The scientific exploration of the ocean is an extraordinary story. Hundreds have climbed Everest yet only two people have descended, in a homespun 'bathyscaphe', to the very depths of the deepest sea chasm. Amazing oases teeming with life have been found in deep sea volcanic vents but we have hardly begun to identify their resident species. We know that sea currents control our climate but we don't know how. Ocean scientists are pretty sure that we could reverse the greenhouse effect by manipulating plankton blooms with doses of iron ... but fear we might trigger an ice age in the act.
Mapping the Deep is a state-of-the-ocean report on the sea and its science. After amazing you at how little you know of the ocean, Kunzig swiftly draws you into a compelling narrative of oceanographers past and present - scientists, pioneers, maverick thinkers, deep water divers and submersible pilots. Like all the best science books, this is a hugely informative page-turner that confirms Robert Kunzig's position in the top rank of popular science writers.
Publisher: Sort of Books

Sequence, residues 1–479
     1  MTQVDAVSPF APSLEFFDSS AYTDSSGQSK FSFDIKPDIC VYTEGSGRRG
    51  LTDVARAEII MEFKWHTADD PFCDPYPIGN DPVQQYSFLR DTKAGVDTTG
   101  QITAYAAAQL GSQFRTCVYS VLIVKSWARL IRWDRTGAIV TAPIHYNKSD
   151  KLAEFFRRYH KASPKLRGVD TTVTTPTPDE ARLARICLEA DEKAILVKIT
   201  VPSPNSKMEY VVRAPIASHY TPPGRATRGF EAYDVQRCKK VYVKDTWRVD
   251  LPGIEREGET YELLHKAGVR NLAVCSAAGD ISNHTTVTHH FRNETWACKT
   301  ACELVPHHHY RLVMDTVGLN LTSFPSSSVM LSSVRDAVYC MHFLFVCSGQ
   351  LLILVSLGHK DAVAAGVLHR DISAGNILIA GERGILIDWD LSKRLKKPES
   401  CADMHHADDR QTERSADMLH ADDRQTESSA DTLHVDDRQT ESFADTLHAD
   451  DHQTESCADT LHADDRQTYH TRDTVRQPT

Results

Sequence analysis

Number of pages: 432
Weight: 339 g
Dimensions: 198 x 129 x 25 mm
Robert Kunzig has an epic saga to tell and he does it with flair and an infectious excitement.
Part history, part science book, part other-wordly travelogue, this is a magical mystery tour filled with wonders.
An exhaustive and enthralling trawl of the ocean floor
Kunzig values a good metaphor and knows how to tell his story in human terms . . . a strange but rewarding poolside read for those unafraid of the deep end.
Every popular science writer tries to bring new worlds into view; Kunzig's is especially compelling because his new world is so strange, yet so firmly linked to our own.
Just when it seems Kunzig has told us everything interesting or significant, he dredges up more submerged gems.
A remarkable book, both a celebration and a warning.
Robert Kunzig has an easy way with hard science . . . he writes illuminatingly of the people and events on a frontier every bit as challenging as space.
A really good read and makes what we do sound like fun!
Artfully combines elegant writing with a facility for explaining science in plain English